Monero 2019 Report: Privacy feature hinders adoption, ASIC resistance makes headway
Privacy in itself is a spectrum; the meaning differs from one person to another. There are people who are absolutely fine with being completely surveilled on, there are people who are okay with partial surveillance, and there are also people who are completely against surveillance of any kind. Take “Keeping up with the Kardashians”, Snapchat and Insta as an example: Reality TV andsocial media have merged the lines between privacy and reality! And then there’s China- where the government knows everything from your last purchase to your browsing history.
When it comes to cryptocurrencies that are privacy-oriented, there are several in the market, but the most frequently touted one is undoubtedly Monero. This cryptocurrency is in not only educating users about the need for financial privacy but also paving the path one can take to ensure that their financial information stays with them and them alone.
Monero community has always sure about its raison d’etre- a digital currency that has privacy at its core and has not deviated from this path.
Most network upgrades have been focused on making Monero more private, while also ensuring that it was KYC/ AML compliant. The cryptocurrency stands on top of four main pillars: security, privacy, un-traceability, and fungibility.
Monero uses stealth address to hide the receiver’s address, ring signature to hide the sender’s address, and ringCT to obfuscate the transaction amount. Privacy-centric features don’t just end here! The team is looking at implementing MimbleWimble, which will feature alongside Tari, a project led by Riccardo Spagni.
What does Monero aim to achieve? Justin Ehrenhofer, one of the prominent members of Monero community, told AMBCrypto:
“Financial privacy is extremely important for individuals and businesses. People forget how much information is shared publicly with other coins. Privacy coins (Monero in particular) provide the privacy protections that people are already familiar with using cash.”
Monero has implemented and adopted all the technologies and protocols that enhance its privacy. The question that remains - is it completely untraceable? Justin Ehrenhofer said,
“Monero provides a higher base level of privacy than any other cryptocurrency. It’s the only major coin with privacy features that are substantially used.”
In what sound like a Shakespearean tragedy, ironically, What makes Monero, Monero, is also what makes it the prime target of governments and regulatory authorities across the world, citing concerns of money laundering and funding criminal activities. The direct result being exchanges’ delisting the cryptocurrency from their platform in order to be regulatory compliant.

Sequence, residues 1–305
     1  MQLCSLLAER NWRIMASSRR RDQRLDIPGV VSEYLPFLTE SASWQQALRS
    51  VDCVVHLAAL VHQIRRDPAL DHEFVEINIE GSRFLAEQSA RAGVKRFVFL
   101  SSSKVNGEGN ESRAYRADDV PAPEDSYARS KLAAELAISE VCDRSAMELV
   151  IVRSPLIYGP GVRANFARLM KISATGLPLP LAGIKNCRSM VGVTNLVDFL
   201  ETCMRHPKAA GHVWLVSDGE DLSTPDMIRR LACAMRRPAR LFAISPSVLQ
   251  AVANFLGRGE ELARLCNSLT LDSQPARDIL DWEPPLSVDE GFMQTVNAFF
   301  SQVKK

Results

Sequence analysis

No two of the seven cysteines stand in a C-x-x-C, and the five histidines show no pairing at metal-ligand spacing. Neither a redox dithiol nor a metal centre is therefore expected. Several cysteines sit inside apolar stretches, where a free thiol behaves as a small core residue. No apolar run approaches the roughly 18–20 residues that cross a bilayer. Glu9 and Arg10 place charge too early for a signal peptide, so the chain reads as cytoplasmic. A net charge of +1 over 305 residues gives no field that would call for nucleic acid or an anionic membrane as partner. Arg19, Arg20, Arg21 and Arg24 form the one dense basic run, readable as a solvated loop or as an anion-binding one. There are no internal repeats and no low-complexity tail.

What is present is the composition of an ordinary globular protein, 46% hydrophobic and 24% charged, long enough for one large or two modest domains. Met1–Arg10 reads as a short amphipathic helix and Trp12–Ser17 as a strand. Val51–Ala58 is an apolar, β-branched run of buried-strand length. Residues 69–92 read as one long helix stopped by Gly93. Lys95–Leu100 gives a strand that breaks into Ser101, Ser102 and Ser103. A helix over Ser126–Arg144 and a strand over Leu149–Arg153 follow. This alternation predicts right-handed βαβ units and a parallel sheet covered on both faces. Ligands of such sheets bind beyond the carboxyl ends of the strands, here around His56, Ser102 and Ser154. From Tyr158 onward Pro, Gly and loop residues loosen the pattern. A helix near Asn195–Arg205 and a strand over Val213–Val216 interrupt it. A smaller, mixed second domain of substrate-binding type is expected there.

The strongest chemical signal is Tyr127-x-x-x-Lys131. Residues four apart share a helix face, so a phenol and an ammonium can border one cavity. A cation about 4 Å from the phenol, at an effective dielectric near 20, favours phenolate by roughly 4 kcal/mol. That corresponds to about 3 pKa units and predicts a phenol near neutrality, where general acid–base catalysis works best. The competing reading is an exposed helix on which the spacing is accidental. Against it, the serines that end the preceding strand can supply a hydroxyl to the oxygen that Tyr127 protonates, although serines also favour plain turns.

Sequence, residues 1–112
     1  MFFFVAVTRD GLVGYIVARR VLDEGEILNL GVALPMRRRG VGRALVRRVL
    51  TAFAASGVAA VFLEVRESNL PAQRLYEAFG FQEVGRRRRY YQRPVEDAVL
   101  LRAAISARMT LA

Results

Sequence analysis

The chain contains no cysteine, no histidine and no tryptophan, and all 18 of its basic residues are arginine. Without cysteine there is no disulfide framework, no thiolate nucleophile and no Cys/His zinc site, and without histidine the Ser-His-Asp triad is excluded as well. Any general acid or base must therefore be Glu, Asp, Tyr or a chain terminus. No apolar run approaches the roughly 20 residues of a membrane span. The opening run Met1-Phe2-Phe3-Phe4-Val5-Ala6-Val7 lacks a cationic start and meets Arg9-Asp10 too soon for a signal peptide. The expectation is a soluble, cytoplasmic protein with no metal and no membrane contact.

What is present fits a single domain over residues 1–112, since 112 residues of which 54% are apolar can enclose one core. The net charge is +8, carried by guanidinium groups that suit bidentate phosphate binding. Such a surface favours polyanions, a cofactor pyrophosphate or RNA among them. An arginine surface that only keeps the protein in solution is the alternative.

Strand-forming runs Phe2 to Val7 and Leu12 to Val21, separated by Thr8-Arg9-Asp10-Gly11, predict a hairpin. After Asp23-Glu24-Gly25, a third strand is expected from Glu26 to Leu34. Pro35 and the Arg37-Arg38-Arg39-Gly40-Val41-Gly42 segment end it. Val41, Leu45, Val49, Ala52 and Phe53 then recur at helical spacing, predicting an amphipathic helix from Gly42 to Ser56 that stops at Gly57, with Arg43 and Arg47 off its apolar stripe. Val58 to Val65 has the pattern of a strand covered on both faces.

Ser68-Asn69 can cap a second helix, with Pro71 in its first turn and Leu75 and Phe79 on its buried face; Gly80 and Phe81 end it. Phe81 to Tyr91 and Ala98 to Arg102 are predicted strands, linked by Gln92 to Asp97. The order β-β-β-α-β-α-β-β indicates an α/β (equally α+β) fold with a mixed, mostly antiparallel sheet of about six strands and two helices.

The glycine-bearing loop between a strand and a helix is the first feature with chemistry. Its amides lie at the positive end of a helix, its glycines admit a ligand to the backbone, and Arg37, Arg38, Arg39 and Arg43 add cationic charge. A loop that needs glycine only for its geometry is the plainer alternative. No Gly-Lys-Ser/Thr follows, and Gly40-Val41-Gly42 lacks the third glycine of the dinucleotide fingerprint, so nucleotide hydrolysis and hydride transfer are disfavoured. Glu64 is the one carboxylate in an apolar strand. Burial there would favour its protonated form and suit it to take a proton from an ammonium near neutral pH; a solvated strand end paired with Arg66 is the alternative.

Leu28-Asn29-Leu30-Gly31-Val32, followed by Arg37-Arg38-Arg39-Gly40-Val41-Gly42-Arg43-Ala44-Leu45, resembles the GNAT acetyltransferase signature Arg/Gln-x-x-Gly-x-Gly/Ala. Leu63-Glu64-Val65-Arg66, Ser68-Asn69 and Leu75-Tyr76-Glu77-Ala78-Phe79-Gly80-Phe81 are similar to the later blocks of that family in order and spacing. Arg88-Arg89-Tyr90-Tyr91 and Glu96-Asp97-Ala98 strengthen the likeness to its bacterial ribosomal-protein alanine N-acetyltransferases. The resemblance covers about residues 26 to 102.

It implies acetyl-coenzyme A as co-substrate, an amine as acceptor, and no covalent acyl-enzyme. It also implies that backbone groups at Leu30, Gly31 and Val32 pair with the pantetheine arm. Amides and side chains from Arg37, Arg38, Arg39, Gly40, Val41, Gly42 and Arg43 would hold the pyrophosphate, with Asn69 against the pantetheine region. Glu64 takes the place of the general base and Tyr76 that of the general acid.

This year alone, several top cryptocurrency exchanges and services dropped Monero from their platform. OKEx, BitBay, South-Korean exchange Upbit, BitOasis, and Gate.io delisted Monero, citing its privacy aspect. French financial regulators have even proposed a ban on privacy-oriented cryptocurrency, with Monero and ZCash mentioned in the report.
Speaking with AMBCrypto, Justin stated that the delisting spree has already started to hinder Monero’s adoption. He further added,
“But I’m optimistic that with time, Monero and other privacy technologies will be accepted by exchanges and regulators. These privacy features are in high demand from users and are needed for completely legal reasons.”
Contrarily, Diego Salazar expressed that this move by the exchanges was “a little silly.” He further told AMBCrypto that Monero was, in fact, “very KYC complaint” as it was similar to how cash functions. He elaborated that while a bank has all the information of its customers, it would still not have any idea as to what the person does with the cash withdrawn from the account.
Another narrative that Monero is truly known for is its battle against ASIC mining. As important as privacy is to the community, so is resisting centralization of the mining network. Developers, at first, opted to tweak the network every six months, this move was criticized by many, citing the reasons as compromising the security of the network for ‘decentralization.’
There were also some people in the space who claimed that the best way to tackle the centralization problem is by ensuring that the network was ASIC friendly as it would create the doorway to cheap ASICs that can be affordable by a majority.
However, Monero was not going to budge from this battle. Taking into account the criticisms and the constant effort being put into frequent network upgrade, the team decided it would be best to change the mining algorithm of Monero to one which would keep ASIC miners at bay... for at least a few years. Thus, entered RandomX - randomly generated machine-language programs for a virtual machine.